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Author Christina Baker Kline

Kline researched the very real people and places depicted to create a sensitive, insightful, and thought-provoking exploration of a familiar image. Recommend.

Book review: The lies that bind

51xLRaJHsxL._SY346_Ann Patchett is one of my favorites. Her ability to place a reader into a scene and inside the heads and hearts of her characters is masterful. She is funny, perceptive, and even-handed as she tells this family saga from deep inside.

The first words of Commonwealth plunge us into a christening party for little Franny Keating. Bert Cousins is an uninvited guest who arrives with a huge bottle of gin. Franny’s L.A. cop dad, Fix Keating, her pretty mother, Beverly, and Bert set the whole story in motion when after a few too many glasses of orange juice laced with that gin, Beverly kisses Bert. Or he kisses her. It hardly matters. Divorce and the inevitable blending of two families ensue. The six children spend summers together in Virginia with minimal supervision from Beverly and Bert.

“The six children held in common one overarching principle that cast their potential dislike for one another down to the bottom of the minor leagues: they disliked the parents. They hated them.”

Those summers of running amok lead to a tragedy that the children witness, and the details of which they keep secret. That secret both shatters and binds them. Everyone involved is affected by the event, not least of all Franny. At twenty-something, she’s a law school dropout and cocktail waitress with a degree in English. She meets and falls in love with—or perhaps in awe of—a famous novelist. Like Scheherazade, she entertains Leo Pozen with the story of those raucous long-ago summers, including the secret. He is inspired by her tale, and uses it as the basis for a new novel, which becomes a bestseller and years later, a movie.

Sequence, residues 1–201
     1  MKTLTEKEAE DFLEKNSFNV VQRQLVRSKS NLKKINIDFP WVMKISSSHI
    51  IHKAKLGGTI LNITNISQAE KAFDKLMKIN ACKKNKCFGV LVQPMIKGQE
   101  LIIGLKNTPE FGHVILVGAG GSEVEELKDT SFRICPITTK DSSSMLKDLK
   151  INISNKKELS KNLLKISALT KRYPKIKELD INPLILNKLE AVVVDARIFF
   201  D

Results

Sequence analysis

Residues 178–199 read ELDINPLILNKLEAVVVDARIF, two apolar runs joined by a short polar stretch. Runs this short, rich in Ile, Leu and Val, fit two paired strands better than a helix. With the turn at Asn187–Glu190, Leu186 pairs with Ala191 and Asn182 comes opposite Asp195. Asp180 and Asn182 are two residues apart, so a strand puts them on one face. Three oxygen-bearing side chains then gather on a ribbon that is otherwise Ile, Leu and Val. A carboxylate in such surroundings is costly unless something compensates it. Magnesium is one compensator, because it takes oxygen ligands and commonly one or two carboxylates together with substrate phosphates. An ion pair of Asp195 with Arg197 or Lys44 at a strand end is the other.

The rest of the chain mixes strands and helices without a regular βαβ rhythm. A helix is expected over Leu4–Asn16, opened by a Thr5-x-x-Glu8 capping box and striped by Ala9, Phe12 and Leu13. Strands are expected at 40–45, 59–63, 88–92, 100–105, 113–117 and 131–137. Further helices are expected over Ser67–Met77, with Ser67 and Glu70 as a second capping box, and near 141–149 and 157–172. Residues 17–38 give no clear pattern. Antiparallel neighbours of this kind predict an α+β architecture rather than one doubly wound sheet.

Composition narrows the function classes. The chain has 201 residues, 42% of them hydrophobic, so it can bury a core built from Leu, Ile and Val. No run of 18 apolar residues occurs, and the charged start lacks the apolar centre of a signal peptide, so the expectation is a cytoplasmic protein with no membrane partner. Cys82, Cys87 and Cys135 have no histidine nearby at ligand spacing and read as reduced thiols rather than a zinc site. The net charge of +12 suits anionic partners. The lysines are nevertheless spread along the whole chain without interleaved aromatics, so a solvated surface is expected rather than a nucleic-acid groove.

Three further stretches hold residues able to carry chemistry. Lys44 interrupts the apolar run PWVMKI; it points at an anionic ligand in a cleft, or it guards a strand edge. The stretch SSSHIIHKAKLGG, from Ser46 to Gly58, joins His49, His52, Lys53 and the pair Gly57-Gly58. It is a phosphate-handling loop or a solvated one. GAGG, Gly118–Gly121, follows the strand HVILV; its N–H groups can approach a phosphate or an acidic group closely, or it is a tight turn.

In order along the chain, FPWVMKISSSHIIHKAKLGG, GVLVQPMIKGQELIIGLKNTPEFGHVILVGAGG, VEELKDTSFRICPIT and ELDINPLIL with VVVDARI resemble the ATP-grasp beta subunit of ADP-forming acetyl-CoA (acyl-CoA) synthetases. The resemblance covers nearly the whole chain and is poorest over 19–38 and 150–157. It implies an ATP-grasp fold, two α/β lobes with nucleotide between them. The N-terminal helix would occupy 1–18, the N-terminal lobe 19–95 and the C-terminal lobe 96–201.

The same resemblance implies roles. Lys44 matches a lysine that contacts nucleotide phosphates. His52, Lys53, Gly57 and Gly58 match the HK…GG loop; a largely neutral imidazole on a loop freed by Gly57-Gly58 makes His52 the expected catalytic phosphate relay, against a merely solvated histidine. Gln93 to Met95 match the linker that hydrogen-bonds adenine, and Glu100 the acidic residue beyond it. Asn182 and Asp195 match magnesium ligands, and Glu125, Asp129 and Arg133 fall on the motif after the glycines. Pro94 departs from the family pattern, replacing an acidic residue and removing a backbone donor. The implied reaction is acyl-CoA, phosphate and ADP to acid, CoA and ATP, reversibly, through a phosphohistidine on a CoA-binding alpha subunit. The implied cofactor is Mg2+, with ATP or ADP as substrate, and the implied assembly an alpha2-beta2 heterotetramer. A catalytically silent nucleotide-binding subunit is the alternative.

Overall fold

Now in midlife, the children are rocked by the public disclosure, but are still bound by the love and responsibility they share toward each other and their now aging parents and step-parents.

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Author, Ann Patchett

“‘People are scared of the wrong things, Fix said, his eyes closed. ‘Cops are scared of the wrong things. We go around thinking that what’s going to get us is waiting on the other side of the door: it’s outside, it’s in the closet, but it isn’t like that… For the vast majority of the people on this planet, the thing that’s going to kill them is already on the inside.’”